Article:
US Forest Service Research & Development
Contact Information
  • US Forest Service Research & Development
  • 1400 Independence Ave., SW
  • Washington, D.C. 20250-0003
  • 800-832-1355
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Tonya Lister

Research Forester
11 Campus Blvd., Suite 200
Newtown Square
United States

Phone: 610-557-4033
Contact Tonya Lister

Current Research

My current research is focused in three main areas:

1) Land use/land cover change -- Research includes the analysis of fine and coarse-scale land use/land cover change dynamics using remotely-sensed and field-based data, including Landsat imagery, National Agriculture Imagery Program (NAIP) imagery, and forest Inventory and Analysis (FIA) data. The goal is to develop predictive models of land use/land cover change based on change matrices and auxiliary data including demographic and biophysical data.

2) Spatial distribution of forest land and forest fragmentation -- Research focuses on exploring new methods of assessing forest fragmentation, including patch-based and landscape-based metrics. The goal is to determine the most meaningful indicators and analyze their relationship with other forest-related variables including invasive species, forest structure, species diversity, etc. Future research will focus on the dynamic nature of fragmentation and characterizing the process of fragmentation from spatial and temporal perspectives.

3) Urban forest land dynamics and urbanization -- Research focuses on exploring new approaches to classifying and analyzing the urban forest resource. The goal is to develop reliable and consistent methodologies that crosswalk FIA methodology and provide data for assessing the value of the urban forest resource. Research includes analyses of temporal and spatial trends in urban forest extent as well as urbanization effects on forest structure, composition, and health.

As an FIA analyst I am also responsible for analyses and forest resource reports for the states of Maryland and Delaware. For these states in particular, human impacts on forest composition, structure, and condition have been identified as critical reporting needs.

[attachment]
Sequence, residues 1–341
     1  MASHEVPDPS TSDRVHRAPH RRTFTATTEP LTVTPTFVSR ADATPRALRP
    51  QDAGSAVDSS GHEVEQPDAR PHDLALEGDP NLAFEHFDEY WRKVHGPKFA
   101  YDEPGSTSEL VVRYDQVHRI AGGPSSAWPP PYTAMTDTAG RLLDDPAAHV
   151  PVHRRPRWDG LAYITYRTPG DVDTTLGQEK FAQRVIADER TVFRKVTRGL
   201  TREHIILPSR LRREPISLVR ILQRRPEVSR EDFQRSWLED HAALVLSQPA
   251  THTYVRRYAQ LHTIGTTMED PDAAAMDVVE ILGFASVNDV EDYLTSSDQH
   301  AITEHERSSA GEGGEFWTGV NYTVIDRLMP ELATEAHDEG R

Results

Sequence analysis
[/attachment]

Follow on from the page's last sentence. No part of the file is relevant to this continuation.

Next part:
Why This Research is Important

Because the well-being of the populace is so closely tied to the forest, the need to continually inventory and monitor the region's forests has long been recognized. With growing concerns about the loss of forest land and the implications for global processes and carbon budgets, there is a great need for detailed and reliable land use change data. Many changes in forest condition and extent are human-induced. It is important to understand the impacts of population growth on forest spatial distribution, composition, and health, including forest land conversion, forest fragmentation, and urbanization.


  • Virginia Polytechnic Institute and State University, Blacksburg, VA, M.S. Forest BiologyThesis topic: Sustaining the Productivity and Function of Intensively Managed Forests 1999
  • Cornell University, Ithaca, NY, B.S. Environmental Systems Technology 1992

Professional Experience

  • Research Forester, US Forest Service, Forest Inventory and Analysis, Newtown Square, PA
    2001 - Current
  • Forester, US Forest Service, Forest Inventory and Analysis, Newtown Square, PA
    1999 - 2001
  • Graduate Research Assistant, Forest Biology, Virginia Tech, Blacksburg, VA
    1996 - 1999
  • Field Botany Research Assistant, Fort Stewart, GA
    1995 - 1996
  • Environmental Educator, US Peace Corps, Panama
    1993 - 1995
  • Laboratory Technician, Ciba Corporation, Greensboro, NC
    1989 - 1993

Professional Organizations

  • International Association for Landscape Ecology, Member (2000 - 2001)
  • Soil Science Society of America, Member (1996 - 2000)

Awards & Recognition

  • Spot Award, 2004
    Award recipient for accelerated data compilation and analysis of eastwide American chestnut resource.
  • Research Award, 1999
    Sigma Xi (Scientific Research Society) Masters Research Award Recipient

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Last updated on : 10/14/2016